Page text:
For over 120 years, film stock, particularly 35mm, has been the default format for distributing movies to cinemas around the world.
The Wolf of Wall Street will be the first wide release film to go fully digital.
Now, Paramount will become the first studio to move fully away from film, instead choosing to distribute all major releases in US cinemas exclusively in digital format.
The LA Times is reporting that The Wolf of Wall Street will be the first widely released film to be distributed only in digital format, according to "industry executives briefed on the plans who were not authorized to speak publicly".
The article notes that this film is an odd choice given director Martin Scorsese's vocal love of film and the fact The Wolf of Wall Street was partially shot on film.
This also means that Anchorman 2 has the dubious honour of being the last Paramount movie to be printed on film.
The main drive to digital is due to distribution costs. A film print can cost up to US$2000 whereas a digital format on disc could be as low as US$100. It also lays ground work for distribution via satellite or over IP.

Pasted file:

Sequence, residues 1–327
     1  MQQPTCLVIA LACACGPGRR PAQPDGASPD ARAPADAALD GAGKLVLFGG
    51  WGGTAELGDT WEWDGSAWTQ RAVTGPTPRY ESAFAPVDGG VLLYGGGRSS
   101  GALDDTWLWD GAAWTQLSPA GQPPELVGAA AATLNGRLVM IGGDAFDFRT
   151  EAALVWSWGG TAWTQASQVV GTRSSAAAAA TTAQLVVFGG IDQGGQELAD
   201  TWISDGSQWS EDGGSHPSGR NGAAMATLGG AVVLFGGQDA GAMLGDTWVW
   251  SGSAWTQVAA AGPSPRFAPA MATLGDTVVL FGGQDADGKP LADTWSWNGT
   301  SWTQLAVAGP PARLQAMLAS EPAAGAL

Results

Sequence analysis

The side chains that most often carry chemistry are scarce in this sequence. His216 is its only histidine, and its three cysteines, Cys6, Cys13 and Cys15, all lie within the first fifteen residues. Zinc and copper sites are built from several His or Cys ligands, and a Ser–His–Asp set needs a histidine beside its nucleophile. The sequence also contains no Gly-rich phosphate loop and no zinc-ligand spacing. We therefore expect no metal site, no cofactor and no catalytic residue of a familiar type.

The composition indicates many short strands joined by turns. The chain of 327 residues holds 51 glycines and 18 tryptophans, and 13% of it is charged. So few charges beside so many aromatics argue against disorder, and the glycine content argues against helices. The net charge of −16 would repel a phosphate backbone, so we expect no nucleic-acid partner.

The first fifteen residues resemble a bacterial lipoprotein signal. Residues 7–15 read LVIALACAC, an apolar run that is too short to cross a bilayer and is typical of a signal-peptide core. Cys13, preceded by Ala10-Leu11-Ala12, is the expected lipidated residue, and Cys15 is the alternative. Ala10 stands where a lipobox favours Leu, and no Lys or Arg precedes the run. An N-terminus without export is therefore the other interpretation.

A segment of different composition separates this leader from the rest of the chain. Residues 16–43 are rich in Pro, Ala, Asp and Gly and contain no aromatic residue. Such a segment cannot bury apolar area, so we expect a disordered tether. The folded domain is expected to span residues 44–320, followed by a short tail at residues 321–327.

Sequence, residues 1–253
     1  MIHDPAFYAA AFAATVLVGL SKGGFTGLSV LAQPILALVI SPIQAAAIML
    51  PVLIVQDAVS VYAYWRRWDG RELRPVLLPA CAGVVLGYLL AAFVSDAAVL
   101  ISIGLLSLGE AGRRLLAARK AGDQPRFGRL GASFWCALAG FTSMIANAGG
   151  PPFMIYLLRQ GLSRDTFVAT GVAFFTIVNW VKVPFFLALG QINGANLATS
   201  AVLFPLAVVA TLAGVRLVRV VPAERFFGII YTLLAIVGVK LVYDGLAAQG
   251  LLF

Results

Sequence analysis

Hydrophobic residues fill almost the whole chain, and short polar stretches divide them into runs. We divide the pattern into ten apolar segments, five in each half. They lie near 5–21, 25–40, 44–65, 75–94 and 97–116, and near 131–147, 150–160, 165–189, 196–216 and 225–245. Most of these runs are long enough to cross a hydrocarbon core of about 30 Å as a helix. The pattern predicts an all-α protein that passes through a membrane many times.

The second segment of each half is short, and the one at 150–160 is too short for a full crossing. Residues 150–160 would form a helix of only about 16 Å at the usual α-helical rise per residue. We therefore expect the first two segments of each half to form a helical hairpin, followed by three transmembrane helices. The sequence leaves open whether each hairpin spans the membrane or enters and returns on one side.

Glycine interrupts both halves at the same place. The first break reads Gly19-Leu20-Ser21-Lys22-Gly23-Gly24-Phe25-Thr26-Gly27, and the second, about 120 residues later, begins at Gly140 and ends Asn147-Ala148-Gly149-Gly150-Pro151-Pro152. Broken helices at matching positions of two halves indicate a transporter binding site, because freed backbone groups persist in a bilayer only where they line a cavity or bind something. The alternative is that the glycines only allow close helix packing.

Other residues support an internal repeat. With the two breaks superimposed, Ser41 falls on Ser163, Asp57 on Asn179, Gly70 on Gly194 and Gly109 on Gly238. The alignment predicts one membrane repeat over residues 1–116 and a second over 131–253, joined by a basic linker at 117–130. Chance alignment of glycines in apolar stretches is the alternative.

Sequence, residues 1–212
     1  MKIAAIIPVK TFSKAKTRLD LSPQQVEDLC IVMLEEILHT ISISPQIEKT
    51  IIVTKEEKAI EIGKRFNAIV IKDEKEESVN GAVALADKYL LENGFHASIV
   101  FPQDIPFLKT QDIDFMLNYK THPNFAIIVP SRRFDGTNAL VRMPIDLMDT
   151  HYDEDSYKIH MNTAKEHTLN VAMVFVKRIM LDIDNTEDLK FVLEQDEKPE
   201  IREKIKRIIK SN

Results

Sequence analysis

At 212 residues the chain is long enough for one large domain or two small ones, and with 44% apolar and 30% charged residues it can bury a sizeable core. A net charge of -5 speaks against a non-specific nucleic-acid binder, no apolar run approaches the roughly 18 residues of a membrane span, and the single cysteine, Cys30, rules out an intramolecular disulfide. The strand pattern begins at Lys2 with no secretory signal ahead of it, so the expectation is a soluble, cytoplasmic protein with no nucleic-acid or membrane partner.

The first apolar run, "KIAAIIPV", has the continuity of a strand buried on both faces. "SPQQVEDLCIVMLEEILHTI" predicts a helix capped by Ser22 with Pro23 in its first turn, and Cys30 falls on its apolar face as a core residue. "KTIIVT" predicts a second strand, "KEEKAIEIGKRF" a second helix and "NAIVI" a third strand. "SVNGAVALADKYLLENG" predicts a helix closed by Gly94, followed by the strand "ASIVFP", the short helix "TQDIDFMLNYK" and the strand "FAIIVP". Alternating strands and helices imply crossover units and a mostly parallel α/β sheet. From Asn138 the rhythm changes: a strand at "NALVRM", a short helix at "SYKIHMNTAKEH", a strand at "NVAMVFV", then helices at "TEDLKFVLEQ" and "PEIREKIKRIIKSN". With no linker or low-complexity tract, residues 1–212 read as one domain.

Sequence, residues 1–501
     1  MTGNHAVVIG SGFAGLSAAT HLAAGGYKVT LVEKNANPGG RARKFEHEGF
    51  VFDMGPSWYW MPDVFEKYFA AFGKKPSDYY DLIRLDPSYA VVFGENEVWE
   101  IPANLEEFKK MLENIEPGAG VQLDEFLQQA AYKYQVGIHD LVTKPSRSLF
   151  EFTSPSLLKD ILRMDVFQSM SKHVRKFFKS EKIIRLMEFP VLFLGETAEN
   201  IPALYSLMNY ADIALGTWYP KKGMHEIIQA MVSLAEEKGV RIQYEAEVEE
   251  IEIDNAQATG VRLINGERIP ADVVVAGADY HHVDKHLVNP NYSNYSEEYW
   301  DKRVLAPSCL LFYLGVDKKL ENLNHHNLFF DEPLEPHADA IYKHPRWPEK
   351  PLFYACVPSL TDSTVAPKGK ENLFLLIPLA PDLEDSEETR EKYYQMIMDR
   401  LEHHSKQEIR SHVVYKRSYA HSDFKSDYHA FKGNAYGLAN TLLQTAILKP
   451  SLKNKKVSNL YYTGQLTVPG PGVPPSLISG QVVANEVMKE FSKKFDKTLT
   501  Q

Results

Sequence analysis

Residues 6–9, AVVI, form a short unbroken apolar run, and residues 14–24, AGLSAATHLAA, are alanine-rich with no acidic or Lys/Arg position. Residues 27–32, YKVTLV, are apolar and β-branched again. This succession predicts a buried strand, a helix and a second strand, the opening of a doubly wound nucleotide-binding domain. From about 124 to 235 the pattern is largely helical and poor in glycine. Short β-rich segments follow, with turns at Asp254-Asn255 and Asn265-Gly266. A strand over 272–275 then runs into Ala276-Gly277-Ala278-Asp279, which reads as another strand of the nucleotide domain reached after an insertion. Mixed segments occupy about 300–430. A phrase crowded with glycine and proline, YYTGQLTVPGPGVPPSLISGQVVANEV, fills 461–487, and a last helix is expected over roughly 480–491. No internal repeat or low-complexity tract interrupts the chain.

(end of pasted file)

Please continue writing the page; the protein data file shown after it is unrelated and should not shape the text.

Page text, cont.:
In the US, 92 per cent of cinemas are set up with expensive digital projectors. It's mainly the smaller independent cinemas that have relied on film and been unable to afford the conversion to digital.
In Australia, 72 per cent of all cinemas were digital-ready by the end of 2012. The Independent Cinema Association of Australia has been working with the Cinedigm Digital Cinema company to create a program to help prepare indie cinemas for digital distribution.
Arguably, the change in distribution will also help home entertainment releases to continue to move away from physical discs and into an online streaming or download delivery, especially as demand for HD and even Ultra HD formats increases in the home.